The Imitation Game is the screen adaptation of Alan Turing’s biography (Alan Turing: The Enigma), written by Andrew Hodges in 1983 and published after the film’s release.
In 1939, mathematician and cryptanalyst Alan Turing agreed to help his country, Great Britain, defeat Germany and end the world conflict in the shortest possible time; the mission consisted of decrypting the codes that the Nazis used in communications concerning military operations and spying activities in general: the coding of the information was changed daily through a machine, which was given the name Enigma.
The mission, handled with the greatest secrecy by the intelligence and the government itself, was considered by most to be simply impossible and a useless waste of money that might otherwise have been used, perhaps to support the war effort.
Turing was initially included in a group of people considered capable of contributing to the enterprise; he then succeeded in becoming its leader, getting the members he considered unsuitable for the task to leave and replacing them with people with specific characteristics.
Once the group was established, Turing asked the government for funding of £100,000 to build a machine that could decrypt all the codes that Enigma defined daily; now I stop with the plot because I think that what I told you so far may be enough to keep you going.
I will only add that his homosexuality (which was illegal in Britain at the time and depenalisation only occurred in 1967!) added complexity to his relationships and the whole story.
Now watch the trailer, then we’ll make other comments.
What you can learn from this film
A beautiful film that offers countless points of observation and food for thought:
among the first aspects, you will notice in the film the prevailing belief at Bletchley Park, where the film is set, that women are genetically unsuited to roles involving mathematics and science subjects in general. A prejudice that still fiercely resists today;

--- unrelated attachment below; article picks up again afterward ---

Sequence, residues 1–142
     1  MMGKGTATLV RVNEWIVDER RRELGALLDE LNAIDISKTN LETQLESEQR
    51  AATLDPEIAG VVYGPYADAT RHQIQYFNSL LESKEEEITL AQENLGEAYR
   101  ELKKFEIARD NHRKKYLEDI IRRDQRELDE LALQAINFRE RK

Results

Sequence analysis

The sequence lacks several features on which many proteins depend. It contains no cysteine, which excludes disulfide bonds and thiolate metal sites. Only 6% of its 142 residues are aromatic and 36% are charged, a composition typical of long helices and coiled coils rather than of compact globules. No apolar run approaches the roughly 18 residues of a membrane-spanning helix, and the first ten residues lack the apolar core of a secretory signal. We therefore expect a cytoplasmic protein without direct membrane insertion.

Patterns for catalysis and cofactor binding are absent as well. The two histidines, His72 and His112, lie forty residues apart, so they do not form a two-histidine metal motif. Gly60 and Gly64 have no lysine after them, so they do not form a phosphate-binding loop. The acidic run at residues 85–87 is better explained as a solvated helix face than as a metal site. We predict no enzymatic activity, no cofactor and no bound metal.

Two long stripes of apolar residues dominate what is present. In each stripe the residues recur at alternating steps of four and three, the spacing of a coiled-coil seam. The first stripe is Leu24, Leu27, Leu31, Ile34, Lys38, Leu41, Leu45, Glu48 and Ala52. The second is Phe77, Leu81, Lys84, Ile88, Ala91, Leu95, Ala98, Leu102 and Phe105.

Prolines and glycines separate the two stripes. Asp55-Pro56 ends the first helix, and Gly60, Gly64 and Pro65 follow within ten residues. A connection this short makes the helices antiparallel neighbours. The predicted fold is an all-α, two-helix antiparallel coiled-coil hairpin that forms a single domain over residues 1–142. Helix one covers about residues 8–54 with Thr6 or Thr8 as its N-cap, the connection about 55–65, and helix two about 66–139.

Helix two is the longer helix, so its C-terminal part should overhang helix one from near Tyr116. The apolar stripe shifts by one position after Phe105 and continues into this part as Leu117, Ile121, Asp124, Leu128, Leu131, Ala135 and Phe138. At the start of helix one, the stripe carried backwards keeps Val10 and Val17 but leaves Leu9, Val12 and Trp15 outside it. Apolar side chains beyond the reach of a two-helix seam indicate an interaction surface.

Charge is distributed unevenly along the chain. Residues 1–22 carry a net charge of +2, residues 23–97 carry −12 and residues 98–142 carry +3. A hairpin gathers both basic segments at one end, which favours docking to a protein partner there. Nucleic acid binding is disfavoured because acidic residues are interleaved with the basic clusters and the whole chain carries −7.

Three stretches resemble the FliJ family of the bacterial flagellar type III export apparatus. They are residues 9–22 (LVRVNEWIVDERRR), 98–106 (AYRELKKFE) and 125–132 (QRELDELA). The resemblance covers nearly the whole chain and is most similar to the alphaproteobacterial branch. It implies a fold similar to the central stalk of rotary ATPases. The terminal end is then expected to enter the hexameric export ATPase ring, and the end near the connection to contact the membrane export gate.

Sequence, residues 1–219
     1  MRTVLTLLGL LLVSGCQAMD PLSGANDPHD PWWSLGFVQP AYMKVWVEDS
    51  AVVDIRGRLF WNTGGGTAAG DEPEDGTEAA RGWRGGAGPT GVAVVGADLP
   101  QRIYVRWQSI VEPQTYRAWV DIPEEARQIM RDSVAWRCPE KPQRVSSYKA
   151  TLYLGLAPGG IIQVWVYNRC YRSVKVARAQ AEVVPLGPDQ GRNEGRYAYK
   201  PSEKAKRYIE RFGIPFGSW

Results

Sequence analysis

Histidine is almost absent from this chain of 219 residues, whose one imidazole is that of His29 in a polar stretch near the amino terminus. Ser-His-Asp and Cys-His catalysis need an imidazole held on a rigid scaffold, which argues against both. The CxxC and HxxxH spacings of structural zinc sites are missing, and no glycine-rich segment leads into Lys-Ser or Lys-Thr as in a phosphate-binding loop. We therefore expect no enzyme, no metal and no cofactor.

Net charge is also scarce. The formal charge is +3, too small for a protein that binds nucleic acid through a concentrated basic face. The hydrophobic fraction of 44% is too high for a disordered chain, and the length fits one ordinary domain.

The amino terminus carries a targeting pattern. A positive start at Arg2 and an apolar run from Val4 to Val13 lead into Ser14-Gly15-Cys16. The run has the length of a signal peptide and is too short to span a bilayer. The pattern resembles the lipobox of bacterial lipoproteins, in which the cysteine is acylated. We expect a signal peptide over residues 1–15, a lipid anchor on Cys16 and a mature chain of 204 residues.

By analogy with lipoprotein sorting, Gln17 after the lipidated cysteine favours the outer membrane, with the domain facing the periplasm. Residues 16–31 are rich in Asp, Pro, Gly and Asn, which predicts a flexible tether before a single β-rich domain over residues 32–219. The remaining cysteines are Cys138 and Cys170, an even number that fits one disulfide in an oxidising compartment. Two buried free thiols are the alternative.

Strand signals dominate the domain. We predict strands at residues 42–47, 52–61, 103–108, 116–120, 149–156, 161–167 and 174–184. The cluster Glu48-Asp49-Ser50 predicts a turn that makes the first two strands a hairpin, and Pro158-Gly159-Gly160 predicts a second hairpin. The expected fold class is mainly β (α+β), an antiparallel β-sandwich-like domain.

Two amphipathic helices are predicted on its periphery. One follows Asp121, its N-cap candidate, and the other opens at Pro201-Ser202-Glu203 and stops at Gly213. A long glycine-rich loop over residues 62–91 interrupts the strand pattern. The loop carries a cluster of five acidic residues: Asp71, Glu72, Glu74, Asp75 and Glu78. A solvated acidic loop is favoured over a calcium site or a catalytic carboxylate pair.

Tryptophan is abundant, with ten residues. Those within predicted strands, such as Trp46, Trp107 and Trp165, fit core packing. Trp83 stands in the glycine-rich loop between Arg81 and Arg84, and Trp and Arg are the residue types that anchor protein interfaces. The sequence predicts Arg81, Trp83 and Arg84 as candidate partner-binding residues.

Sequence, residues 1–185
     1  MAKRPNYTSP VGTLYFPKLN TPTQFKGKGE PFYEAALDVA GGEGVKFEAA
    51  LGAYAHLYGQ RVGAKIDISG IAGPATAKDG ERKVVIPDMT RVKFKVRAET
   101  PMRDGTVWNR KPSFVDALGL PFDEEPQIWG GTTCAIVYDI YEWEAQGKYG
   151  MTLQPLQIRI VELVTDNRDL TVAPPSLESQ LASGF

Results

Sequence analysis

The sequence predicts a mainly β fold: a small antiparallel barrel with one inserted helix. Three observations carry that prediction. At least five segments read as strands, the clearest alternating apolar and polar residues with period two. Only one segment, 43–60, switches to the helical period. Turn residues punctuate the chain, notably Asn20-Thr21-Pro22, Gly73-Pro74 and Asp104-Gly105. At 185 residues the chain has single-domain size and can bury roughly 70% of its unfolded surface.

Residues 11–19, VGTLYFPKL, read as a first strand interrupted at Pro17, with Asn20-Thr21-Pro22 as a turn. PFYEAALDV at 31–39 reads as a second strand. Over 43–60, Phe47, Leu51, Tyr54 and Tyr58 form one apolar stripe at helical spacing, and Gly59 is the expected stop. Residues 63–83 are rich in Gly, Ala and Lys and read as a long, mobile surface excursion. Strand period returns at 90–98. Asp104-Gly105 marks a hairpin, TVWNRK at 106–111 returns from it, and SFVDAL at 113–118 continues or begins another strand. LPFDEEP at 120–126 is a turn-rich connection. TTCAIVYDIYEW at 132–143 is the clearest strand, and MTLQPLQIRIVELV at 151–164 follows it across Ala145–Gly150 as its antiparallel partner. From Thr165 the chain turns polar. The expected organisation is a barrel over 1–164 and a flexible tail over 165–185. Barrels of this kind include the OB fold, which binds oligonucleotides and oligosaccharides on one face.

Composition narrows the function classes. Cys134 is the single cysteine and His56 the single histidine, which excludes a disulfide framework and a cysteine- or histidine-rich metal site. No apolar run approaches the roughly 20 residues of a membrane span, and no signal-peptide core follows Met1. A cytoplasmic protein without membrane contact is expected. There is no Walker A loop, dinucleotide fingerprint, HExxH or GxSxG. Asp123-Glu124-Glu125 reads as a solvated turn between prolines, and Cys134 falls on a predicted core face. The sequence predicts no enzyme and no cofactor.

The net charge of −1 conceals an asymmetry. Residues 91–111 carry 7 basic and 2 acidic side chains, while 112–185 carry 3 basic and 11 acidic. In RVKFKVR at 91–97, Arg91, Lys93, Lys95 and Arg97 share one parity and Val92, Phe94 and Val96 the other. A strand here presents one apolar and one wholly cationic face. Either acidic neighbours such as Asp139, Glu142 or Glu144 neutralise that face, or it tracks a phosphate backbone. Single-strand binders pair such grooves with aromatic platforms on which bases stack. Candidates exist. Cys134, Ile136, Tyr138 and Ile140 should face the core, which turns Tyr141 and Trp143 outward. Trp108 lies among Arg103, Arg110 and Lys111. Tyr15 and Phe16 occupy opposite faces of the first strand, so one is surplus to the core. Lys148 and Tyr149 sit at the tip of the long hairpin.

the other team members were attempting to decrypt the single code, which would have been changed at midnight of the same day, trusting to find the key to decrypt the next one; Turing from the very beginning aimed to identify the mechanism by which Enigma defined the code every day. Turing could manage complexity better than anyone before him, and this led him to success;
people with superior talent often find it difficult to fit into a team and lead it; Turing was no exception. The inclusion in the team of a woman, who later became his wife, supported him in this difficult task; Joan helped him to create a team capable of working with everyone and capitalising on differences, looking at things from a different perspective and creating the basis for achieving the mission’s goals;
people often reject things they do not understand. Turing and his staff faced the scepticism of people who had involved them in the mission, but thought that it would have been impossible to decrypt the single code generated by Enigma; how would they have imagined a machine capable of interpreting every single message that the Nazi machine would have generated? This situation led to internal conflicts within the government and the intelligence, and these conflicts systematically impacted the team of scientists and made their work particularly tough;
in the background of the story we find homosexuality, which makes the human story complex and interweaves the inner turmoil, the group dynamics and the persecution that had so much influence on Turing’s decision to take his own life in 1954, when he was only 41 years old.